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Change management, production ramp up and the sustainable supply chain in the transportation industry

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dc.contributor.advisor Daniel Whitney and Sebastian Fixson. en_US Fortin, Sean (Sean Dubé) en_US
dc.contributor.other Leaders for Manufacturing Program. en_US 2009-11-06T16:34:38Z 2009-11-06T16:34:38Z 2009 en_US 2009 en_US
dc.description Thesis (M.B.A.)--Massachusetts Institute of Technology, Sloan School of Management; and, (S.M.)--Massachusetts Institute of Technology, Engineering Systems Division; in conjunction with the Leaders for Manufacturing Program at MIT, 2009. en_US
dc.description Includes bibliographical references. en_US
dc.description.abstract The ramp up phase is always the most risky part of any project, especially with a product material the company and its partners have very little experience with. One result of this lack of experience is frequent engineering changes to address design corrections and improvements. High levels of change create uncertainty within both the supply chain and the engineering change management systems. Just as a supplier may not be able to meet production requirements, elements of the change process may not be sufficiently flexible to account for the level of change the project experiences during production ramp up. A study of Bus Solution Systems' (BSS) Super Hotel Coach (SHC) program change management system will show that unsuitable change management system processes can cause downstream delays just as unsuitable supply chain strategy can cause the same. This thesis details a situation where the SHC program's Materials Management Department (MMD) was having difficulty with visibility into the change management system. As a result of the situation, SHC MMD did not have the ability to order parts on time. The effect was that there were an increased number of parts needed for manufacturing jobs but were not in stock, and sometimes yet to be ordered. The ultimate result of this problem, and the multitude of other problems impacting the SHC not investigated in this thesis, was a bus program that was 2 years behind schedule in early 2009. en_US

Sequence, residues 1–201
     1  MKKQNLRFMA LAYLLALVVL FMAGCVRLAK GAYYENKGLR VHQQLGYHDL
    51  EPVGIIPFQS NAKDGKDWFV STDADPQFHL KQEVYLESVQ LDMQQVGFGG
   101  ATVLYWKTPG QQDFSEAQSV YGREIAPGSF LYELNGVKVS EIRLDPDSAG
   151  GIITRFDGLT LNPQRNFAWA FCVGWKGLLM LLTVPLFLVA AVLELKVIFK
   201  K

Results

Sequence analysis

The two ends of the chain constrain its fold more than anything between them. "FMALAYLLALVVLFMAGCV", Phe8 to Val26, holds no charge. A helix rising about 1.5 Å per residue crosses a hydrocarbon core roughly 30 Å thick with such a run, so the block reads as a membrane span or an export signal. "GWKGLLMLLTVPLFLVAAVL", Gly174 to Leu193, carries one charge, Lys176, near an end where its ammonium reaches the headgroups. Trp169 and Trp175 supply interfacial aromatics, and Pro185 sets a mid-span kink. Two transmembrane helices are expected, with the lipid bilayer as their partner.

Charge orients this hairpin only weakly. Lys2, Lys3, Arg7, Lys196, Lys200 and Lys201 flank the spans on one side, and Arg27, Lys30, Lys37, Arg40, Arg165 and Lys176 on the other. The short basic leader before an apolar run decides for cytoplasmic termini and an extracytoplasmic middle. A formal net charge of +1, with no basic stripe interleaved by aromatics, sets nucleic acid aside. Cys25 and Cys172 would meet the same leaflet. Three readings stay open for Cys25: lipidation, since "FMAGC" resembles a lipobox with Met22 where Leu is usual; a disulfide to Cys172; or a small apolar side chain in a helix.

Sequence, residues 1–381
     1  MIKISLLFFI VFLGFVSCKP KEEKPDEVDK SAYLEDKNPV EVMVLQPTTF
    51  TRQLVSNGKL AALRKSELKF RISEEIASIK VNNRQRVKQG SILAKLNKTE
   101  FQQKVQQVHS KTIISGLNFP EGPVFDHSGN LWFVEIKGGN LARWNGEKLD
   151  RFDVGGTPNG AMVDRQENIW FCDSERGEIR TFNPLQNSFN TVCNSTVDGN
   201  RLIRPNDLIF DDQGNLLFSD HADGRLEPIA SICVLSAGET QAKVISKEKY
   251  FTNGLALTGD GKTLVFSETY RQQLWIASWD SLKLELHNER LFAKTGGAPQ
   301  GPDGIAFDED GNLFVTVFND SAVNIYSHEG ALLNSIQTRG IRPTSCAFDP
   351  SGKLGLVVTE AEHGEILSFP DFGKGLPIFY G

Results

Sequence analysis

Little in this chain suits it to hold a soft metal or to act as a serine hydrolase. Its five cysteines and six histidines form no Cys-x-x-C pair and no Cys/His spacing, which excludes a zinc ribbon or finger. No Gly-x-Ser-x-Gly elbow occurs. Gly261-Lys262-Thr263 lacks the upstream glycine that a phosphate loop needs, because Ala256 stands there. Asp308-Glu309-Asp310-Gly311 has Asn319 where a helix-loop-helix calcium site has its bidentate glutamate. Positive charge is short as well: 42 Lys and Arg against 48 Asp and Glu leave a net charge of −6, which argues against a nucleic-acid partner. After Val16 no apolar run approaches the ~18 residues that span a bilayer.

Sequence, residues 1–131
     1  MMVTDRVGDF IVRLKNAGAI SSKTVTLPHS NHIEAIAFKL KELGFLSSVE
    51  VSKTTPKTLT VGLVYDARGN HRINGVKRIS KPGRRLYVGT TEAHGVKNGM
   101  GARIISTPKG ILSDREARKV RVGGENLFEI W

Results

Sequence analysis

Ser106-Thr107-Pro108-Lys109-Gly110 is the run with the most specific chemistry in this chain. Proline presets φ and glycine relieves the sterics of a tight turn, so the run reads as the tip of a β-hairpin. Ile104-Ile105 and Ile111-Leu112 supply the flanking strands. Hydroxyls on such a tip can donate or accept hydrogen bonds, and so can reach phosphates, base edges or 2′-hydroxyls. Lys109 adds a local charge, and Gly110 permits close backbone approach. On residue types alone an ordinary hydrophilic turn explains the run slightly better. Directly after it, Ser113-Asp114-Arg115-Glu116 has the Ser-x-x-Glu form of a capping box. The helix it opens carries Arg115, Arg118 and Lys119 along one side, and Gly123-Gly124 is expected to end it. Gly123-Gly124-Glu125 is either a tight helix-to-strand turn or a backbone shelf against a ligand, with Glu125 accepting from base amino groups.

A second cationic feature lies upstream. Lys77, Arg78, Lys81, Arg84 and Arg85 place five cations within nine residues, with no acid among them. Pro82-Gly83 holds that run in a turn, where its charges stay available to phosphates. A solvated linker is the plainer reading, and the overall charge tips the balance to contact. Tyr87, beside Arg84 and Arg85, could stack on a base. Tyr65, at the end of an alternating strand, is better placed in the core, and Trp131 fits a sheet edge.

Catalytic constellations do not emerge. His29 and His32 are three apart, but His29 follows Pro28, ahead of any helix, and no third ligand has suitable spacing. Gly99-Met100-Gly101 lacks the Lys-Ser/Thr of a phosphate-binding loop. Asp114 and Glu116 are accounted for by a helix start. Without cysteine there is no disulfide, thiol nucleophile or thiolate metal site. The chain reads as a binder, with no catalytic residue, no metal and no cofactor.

dc.description.abstract (cont.) This thesis aims to correct the SHC MMD engineering change visibility issue by examining the current state of the engineering change process through a shortage part case study and by applying supply chain management strategy principles to extract part ordering information from the SHC General Engineering Change Process earlier. This thesis also proposes a long term systematic solution that would help prevent shortages from occurring in the future. The intent of the recommendation is to reduce the chance of shortage occurrences so as to prevent further delay of the SHC program. en_US
dc.description.statementofresponsibility by Sean Fortin. en_US
dc.format.extent 116 p. en_US
dc.language.iso eng en_US
dc.publisher Massachusetts Institute of Technology en_US
dc.rights M.I.T. theses are protected by copyright. They may be viewed from this source for any purpose, but reproduction or distribution in any format is prohibited without written permission. See provided URL for inquiries about permission. en_US
dc.rights.uri en_US
dc.subject Sloan School of Management. en_US
dc.subject Engineering Systems Division. en_US
dc.subject Leaders for Manufacturing Program. en_US
dc.title Change management, production ramp up and the sustainable supply chain in the transportation industry en_US
dc.type Thesis en_US S.M. en_US M.B.A. en_US
dc.contributor.department Sloan School of Management. en_US
dc.contributor.department Massachusetts Institute of Technology. Engineering Systems Division. en_US
dc.contributor.department Leaders for Manufacturing Program. en_US
dc.identifier.oclc 457204295 en_US

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